Sunday, October 9, 2011

Occupy Wall Street: "Something's happening here. What it is ain't exactly clear... " (With update)

As one who has fumed impotently for years about the buying and selling of my country's government and institutions by rich, mostly rabidly right-wing corporations and the super-rich, I had frequently wondered whether Americans would ever awake from their apathy and take to the streets to demand change.  It seems that finally we may be stretching, yawning, maybe putting one foot on the floor, and preparing to ever-so-tentatively stand up for ourselves and face up to the powers that be.  That, at least, is the message that I take from the movement that has become known as Occupy Wall Street and has now spread around the country, even into Houston!   This, I think, is the most hopeful event that I have witnessed in many years.

And what has been the media's response to thousands of people gathering in New York and elsewhere to protest the buying of our democracy?  Its first response was to ignore it. Literally, for days into the demonstrations, you could not find any information about them in the mainstream media outlets.  Even The New York Times on the demonstration's home turf was negligent.

Then, when the police started swinging their clubs and pepper spraying people and the event could no longer be ignored, the theme of the media became:  "These are just a bunch of hippies!  They don't even know what they want!  They haven't issued any demands!  Where are the demands?  What do they want?"

A few brave and enterprising journalists finally got around to actually asking participants what they wanted and they found, almost universally, intelligent, well-spoken people who knew that something very, very bad was happening to their country and they wanted their fellow citizens to wake up and change it.  That's what they want - participatory democracy.  People taking their fate and their future and the future of their country into their own hands again and not leaving it to right-wing ideologues like the Koch Brothers and Art Pope and others of their ilk who buy politicians like buying candy in a candy store.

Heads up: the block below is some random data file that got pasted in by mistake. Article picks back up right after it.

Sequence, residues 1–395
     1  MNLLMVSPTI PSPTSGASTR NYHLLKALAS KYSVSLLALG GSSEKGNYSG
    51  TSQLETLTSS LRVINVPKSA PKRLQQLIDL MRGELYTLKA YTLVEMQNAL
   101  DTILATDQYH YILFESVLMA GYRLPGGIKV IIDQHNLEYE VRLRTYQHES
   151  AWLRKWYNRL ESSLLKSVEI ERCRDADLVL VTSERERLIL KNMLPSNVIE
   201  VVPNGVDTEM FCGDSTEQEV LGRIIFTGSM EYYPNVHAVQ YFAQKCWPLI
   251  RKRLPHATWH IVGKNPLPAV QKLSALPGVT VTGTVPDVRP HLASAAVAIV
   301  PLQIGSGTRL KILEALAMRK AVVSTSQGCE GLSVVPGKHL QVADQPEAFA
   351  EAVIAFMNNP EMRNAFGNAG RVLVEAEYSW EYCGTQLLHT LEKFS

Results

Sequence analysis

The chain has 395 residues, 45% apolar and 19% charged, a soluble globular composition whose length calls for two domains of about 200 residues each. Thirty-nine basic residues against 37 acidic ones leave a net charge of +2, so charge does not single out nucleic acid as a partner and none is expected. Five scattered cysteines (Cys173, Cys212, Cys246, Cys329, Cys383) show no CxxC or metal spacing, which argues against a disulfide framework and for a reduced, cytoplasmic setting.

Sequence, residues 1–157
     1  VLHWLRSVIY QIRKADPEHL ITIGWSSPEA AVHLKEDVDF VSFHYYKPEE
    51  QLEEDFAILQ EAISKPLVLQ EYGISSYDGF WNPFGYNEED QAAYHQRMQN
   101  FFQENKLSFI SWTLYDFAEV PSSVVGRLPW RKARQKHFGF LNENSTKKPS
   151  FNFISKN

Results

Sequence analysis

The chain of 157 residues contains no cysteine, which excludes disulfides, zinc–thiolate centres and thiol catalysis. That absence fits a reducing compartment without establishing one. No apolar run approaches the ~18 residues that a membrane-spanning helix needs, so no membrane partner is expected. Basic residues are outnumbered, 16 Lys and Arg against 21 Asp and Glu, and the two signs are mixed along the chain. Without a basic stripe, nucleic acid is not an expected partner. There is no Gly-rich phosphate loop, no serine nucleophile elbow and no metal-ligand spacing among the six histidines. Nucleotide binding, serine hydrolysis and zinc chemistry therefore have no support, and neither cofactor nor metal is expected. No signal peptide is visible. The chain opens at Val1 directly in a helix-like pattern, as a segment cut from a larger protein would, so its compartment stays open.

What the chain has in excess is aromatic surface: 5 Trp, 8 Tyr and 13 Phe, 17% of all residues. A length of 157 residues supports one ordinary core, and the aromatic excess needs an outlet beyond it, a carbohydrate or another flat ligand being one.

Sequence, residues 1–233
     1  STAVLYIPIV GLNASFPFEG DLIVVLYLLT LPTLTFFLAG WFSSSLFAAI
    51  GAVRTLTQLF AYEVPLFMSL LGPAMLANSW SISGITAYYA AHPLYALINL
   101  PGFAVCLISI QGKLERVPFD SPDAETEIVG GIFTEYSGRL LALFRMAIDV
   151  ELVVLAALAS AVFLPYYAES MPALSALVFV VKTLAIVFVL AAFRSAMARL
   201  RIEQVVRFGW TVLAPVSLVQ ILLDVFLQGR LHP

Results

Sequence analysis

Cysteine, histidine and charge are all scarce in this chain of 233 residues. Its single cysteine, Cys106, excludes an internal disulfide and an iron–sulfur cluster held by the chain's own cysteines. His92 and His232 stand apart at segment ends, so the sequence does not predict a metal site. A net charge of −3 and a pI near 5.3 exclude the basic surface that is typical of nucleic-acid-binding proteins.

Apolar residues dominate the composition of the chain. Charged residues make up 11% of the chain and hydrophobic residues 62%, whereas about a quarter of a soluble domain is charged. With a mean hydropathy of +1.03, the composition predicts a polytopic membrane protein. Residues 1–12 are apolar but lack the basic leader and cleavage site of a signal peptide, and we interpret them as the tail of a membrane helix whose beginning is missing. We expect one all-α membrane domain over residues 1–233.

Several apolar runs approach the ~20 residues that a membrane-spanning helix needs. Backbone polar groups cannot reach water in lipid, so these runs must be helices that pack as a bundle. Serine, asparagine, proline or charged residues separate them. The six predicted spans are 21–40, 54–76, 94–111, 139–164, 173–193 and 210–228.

On the whole, I think the media still have not really caught on to what is happening here. They are still trying to fit it into one of their pre-formed news niches, something that will allow them to use shorthand in discussing the movement so that they don't really have to get off their lazy butts and engage it.  This is the Fox-ification of the news business and it is endemic and rampant in journalism today.  Will they get away with it?  A better question might be, will we let them get away with it?

UPDATE 10/10/11:  For a more thorough and erudite discussion of the media commentariat's and the plutocracy's reaction to the demonstrations, read Paul Krugman's column today.

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